The cartoon above is from the New Yorker and it is one of my favorites. For those of us whose days are spent in the Microsoft Office suite of applications, we know that “death by powerpoint” can feel all too real.
We have all seen the seemingly endless bullets and presenters reading off their slides as if we are illiterate. I have experienced countless presentations, especially at conferences, that are graphically busy or unreadable (my biggest pet peeve is the “Sorry, you probably can’t read this”), presentations that drag on, or do not reach a clear conclusion. Powerpoint has been so misused that some organizations have taken deliberate steps away from it, including the US Military in 2010 and Amazon who banned it for executive presentations in 2018.
I would argue that powerpoint is actually an important presentation tool, but only if used correctly. Organizations that use it well have developed a set of rules that keep the audience’s attention and helps to form a narrative. TED Talks, the popular and informative non-profit series of presentations encourages speakers to use powerpoint as a visual aid – no bullets. Many of the talks accomplish the goal of “spreading ideas” often because of the images on their slides.
By way of a quick example, On his show Last Week Tonight, John Oliver presents on a complex topic every week, using a presentation style where the “slides” he shows add to his narrative. During this current season of the show, he presented on Robocalls. Oliver used images and graphics that can be used in a powerpoint type presentation.
There is no reason why we cannot present information like John Oliver. Oliver, like many other compelling speakers, uses age-old techniques that work to not only present information, but, more importantly, have the audience remember and internalize the message.
Thats where Five Stars: The Communication Secrets to Get From Good to Great by Carmine Gallo is most helpful. In his book, Gallo discusses age old techniques dating back to Aristotle that detail how to deliver information in a compelling and memorable way.
Before I talk about some of the book content, it is important to note that this book is focused on presenting information in a way that customers understand. He references many different case studies, including one in healthcare, discussing excellent communicators and how they use presentation to create 5-star customer experiences. While there are tricks and tips in this book, they come at the end after he discusses the cultures of organizations whose team members consistently and reliably communicate with their customers in a service-oriented way.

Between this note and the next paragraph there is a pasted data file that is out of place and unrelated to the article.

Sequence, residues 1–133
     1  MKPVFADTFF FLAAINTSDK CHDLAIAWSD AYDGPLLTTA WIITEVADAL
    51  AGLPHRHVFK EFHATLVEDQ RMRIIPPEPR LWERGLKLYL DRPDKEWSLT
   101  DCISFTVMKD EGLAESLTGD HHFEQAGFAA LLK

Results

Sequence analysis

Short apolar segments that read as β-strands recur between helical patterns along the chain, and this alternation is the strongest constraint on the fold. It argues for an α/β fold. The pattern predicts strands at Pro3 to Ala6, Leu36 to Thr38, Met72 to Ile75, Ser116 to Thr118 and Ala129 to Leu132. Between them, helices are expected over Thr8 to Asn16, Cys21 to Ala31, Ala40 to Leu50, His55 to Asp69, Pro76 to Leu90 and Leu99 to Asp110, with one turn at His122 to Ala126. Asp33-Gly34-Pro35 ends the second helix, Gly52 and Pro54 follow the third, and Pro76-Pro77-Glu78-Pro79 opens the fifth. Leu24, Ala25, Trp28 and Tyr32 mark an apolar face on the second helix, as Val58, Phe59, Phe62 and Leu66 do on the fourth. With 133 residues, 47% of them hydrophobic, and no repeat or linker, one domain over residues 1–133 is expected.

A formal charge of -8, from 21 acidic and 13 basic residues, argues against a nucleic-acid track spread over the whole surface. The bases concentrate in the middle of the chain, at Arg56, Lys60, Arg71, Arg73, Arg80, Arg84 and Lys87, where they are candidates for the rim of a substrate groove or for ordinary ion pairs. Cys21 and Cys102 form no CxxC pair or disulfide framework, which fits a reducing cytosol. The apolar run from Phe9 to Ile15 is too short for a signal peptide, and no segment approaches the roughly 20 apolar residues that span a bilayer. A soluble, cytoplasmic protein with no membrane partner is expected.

My favorite anecdote on this point is one about theonline shoe sales giant Zappos CEO Tony Hsieh (pronounced SHAY). Hsieh believes in training customer service team members to present well, but that is not done by scripting them. To demonstrate how customer friendly the staff has been trained to be, he would call the Zappos customer service line in front of reports and ask a random question like, “can I order a pizza?”. The staff would then help the customer in any way they can, which in this case was to help them order a pizza.
With a supportive culture that engages and empowers, the tactics are simpler to learn and implement to create 5-star outcomes and are contained in this book. Those tactics include using compelling visual aids, crafting a story using the three-act-play narrative structure, and including credibility (ethos), emotion (pathos), and logic (logos) to keep your audience engaged and following along. Gallo also discusses how most compelling stories are presented in about 10 minutes or less.
At its foundation, a presentation, whether to a group or one on one is a form of a social contract. The presenter will offer the listener new information and hold their attention while doing so. In exchange, the listener will take their time to listen to the presenters ideas and engage with them. Presenters often take that for granted, but should not.
KEY TAKEAWAY: Presenting information, when done well, is a powerful tool for leaders who want to shape a culture of good communicators. Good presentations use stories as well as the credibility of the speaker, emotion, and logic to make its points and engage the audience.
Five Stars is available for purchase on Amazon for $27.99 (does not include Prime discount).
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